Culture, Media and Sport Select Committee publishes interim report on Fake News | DMA

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Culture, Media and Sport Select Committee publishes interim report on Fake News


Today, the Parliamentary Select Committee for Culture Media and Sport released their report entitled ‘Disinformation and ‘fake news’: Interim Report’.

While it’s hard to believe that a phenomenon invented by Donald Trump is now the subject of a parliamentary report (“You will not believe the report on fake news. It’s the best report on fake news there is. Totally real. Not made up. Bigly.”), the fact is, disinformation and its spread is a problem for countries that value freedom of speech.

The report has several recommendations:

  1. Make tech companies responsible and liable when misinformation is disseminated
  2. Impose a levy on tech companies to fund education and the Information Commissioners Office (ICO)
  3. Change the rules on political campaigning
  4. Competition and Market Authority (CMA) audit of fake accounts
  5. Establish a Digital Atlantic Charter to reassure users their digital rights are guaranteed
  6. Identify and define other 'malign actors'

The release is only an interim report, with more investigation to come. Damian Collins MP, Chair of the Committee, said:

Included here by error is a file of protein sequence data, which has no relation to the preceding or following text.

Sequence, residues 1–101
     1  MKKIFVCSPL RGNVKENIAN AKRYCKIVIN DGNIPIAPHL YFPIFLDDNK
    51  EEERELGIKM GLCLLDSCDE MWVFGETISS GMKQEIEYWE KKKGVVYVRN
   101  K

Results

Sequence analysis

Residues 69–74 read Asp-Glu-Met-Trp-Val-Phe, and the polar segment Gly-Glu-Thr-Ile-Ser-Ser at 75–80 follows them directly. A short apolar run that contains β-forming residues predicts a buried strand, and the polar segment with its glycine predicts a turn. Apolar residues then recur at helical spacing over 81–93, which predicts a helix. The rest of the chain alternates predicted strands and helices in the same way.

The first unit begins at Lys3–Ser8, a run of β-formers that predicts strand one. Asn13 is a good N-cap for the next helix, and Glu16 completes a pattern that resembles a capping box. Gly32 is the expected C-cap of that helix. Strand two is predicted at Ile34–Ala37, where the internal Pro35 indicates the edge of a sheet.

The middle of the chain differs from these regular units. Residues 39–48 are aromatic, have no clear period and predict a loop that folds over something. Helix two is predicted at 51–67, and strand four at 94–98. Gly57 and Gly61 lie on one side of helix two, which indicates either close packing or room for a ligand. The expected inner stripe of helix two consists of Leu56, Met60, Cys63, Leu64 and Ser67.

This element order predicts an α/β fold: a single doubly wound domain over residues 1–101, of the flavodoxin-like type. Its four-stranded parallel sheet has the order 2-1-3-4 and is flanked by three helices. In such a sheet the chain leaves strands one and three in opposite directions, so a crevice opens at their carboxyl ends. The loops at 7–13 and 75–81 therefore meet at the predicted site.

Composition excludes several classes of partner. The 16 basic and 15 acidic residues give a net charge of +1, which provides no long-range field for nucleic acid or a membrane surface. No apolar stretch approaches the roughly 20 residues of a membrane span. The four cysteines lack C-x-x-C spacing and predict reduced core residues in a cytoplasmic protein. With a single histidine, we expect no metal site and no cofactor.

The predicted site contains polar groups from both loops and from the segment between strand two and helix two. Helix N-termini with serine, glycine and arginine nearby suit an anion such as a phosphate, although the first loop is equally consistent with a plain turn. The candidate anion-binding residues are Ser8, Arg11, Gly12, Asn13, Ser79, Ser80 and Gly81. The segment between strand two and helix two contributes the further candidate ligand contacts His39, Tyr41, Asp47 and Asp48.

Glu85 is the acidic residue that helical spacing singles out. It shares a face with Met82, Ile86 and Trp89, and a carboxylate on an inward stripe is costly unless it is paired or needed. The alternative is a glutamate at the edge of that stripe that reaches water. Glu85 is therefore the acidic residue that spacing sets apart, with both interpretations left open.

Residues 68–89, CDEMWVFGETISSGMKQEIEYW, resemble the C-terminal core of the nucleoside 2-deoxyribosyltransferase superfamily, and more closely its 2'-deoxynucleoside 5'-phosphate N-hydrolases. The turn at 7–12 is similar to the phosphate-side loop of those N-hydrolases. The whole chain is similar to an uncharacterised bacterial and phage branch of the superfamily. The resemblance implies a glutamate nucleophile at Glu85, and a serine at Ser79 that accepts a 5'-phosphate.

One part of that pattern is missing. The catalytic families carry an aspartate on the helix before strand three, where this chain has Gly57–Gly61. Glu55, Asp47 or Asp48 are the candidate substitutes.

"We are facing nothing less than a crisis in our democracy – based on the systematic manipulation of data to support the relentless targeting of citizens, without their consent, by campaigns of disinformation and messages of hate.

In this inquiry we have pulled back the curtain on the secretive world of the tech giants, which have acted irresponsibly with the vast quantities of data they collect from their users. Despite concerns being raised, companies like Facebook made it easy for developers to scrape user data and to deploy it in other campaigns without their knowledge or consent. Throughout our inquiry, these companies have tried to frustrate scrutiny and obfuscated in their answers. The light of transparency must be allowed to shine on their operations and they must be made responsible, and liable, for the way in which harmful and misleading content is shared on their sites.

[…] I believe what we have discovered so far is the tip of the iceberg. There needs to be far greater analysis done to expose the way advertising and fake accounts are being used on social media to target people with disinformation during election periods. The ever-increasing sophistication of these campaigns, which will soon be helped by developments in augmented reality technology, make this an urgent necessity.

Data crimes are real crimes, with real victims. This is a watershed moment in terms of people realising they themselves are the product, not just the user of a free service. Their rights over their data must be protected.”

The DMA has consistently lobbied for greater consumer rights and will continue to push government to implement data laws that protect consumers in their online lives.

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